Statement of Benefit to California: 
Wildfire has been an unfortunately frequent presence in the State of California. As the state continues to grow, more and more people live in forest areas, facing a high risk of physical (and property) damage from wildfire. For example, a total of 3500 houses were burned in the Oakland/Berkeley fire in 1988 and Painted Cave fire in 1990. This, together with other causes of fire and burn such as use of defective product and accidents, leaves Californian citizens suffering from a high incidence of burns and injuries. The studies we propose in this application may yield findings that will directly benefit the health and welfare of burn patients in California. Furthermore, these findings may also be used to help establish industrial entities in the State of California that perform research, development, and marketing of new therapeutic products. This will create new job opportunities for California citizens and increase revenues for the State of California.
Progress Report:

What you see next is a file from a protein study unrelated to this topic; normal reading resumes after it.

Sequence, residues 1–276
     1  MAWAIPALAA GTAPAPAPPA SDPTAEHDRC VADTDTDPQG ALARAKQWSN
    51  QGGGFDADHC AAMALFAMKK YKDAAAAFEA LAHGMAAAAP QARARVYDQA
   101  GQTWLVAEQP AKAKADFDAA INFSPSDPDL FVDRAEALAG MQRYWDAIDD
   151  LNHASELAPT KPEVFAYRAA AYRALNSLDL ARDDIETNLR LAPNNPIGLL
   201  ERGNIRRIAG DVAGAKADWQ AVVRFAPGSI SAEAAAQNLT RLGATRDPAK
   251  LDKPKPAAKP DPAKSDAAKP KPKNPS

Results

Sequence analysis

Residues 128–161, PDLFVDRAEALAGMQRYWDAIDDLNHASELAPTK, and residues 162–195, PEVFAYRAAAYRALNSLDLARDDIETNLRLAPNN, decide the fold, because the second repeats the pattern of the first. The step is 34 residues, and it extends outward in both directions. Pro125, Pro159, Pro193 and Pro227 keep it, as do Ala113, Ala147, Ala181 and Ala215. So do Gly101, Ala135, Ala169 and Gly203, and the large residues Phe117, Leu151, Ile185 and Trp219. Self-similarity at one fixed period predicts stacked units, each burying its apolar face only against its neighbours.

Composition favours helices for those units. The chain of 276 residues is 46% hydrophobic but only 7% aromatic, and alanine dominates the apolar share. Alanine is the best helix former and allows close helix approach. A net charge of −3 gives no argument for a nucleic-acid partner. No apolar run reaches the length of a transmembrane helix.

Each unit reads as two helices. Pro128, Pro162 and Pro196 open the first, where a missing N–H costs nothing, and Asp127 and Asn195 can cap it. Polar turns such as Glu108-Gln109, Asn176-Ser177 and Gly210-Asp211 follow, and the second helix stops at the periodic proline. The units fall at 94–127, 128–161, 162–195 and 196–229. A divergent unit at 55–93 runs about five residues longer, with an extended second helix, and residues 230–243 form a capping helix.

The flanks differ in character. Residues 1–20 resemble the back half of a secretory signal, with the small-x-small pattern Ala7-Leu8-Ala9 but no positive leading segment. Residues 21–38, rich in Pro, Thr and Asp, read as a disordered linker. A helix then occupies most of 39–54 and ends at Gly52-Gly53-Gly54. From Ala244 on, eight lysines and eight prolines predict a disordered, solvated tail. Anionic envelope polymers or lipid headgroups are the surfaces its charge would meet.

• We have shown that fetal human central nervous system derived stem cells (HuCNS-SC) transplanted into a mouse model of spinal cord injury (SCI) improve behavioral recovery. Transplanted human cells differentiated into myelinating oligodendrocytes and synapse forming neurons. These data suggest that efficacy is dependent upon successful cell engraftment and appropriate cell fate. The strain of mice (NOD-scid mice) are immunodeficient, which allows transplanted human cell populations to engraft and promote behavioral recovery in the absence of confounds due to a rejection response and allows us to avoid using immunosuppressant drugs. Clinically, however, it is clear that transplantation of therapeutic human cell populations will require administration of immunosuppressants (IS) such as CsA, FK506, or Rapamycin. These immunosuppressants work by altering signaling pathways which are also present within stem cells. Hence, in addition to promoting engraftment, IS have the potential to affect stem cell proliferation and/or differentiation. In Aim 1A, we tested this hypothesis in a cell culture model and found that HuCNS-SC fate and proliferation were altered by exposure to different IS. CsA and FK506 decreased the number of astrocytes in culture compared to control conditions, while Rapamyin increased the number of astrocytes. All three IS increased the number of ß-tubulin III positive neuron-like cells.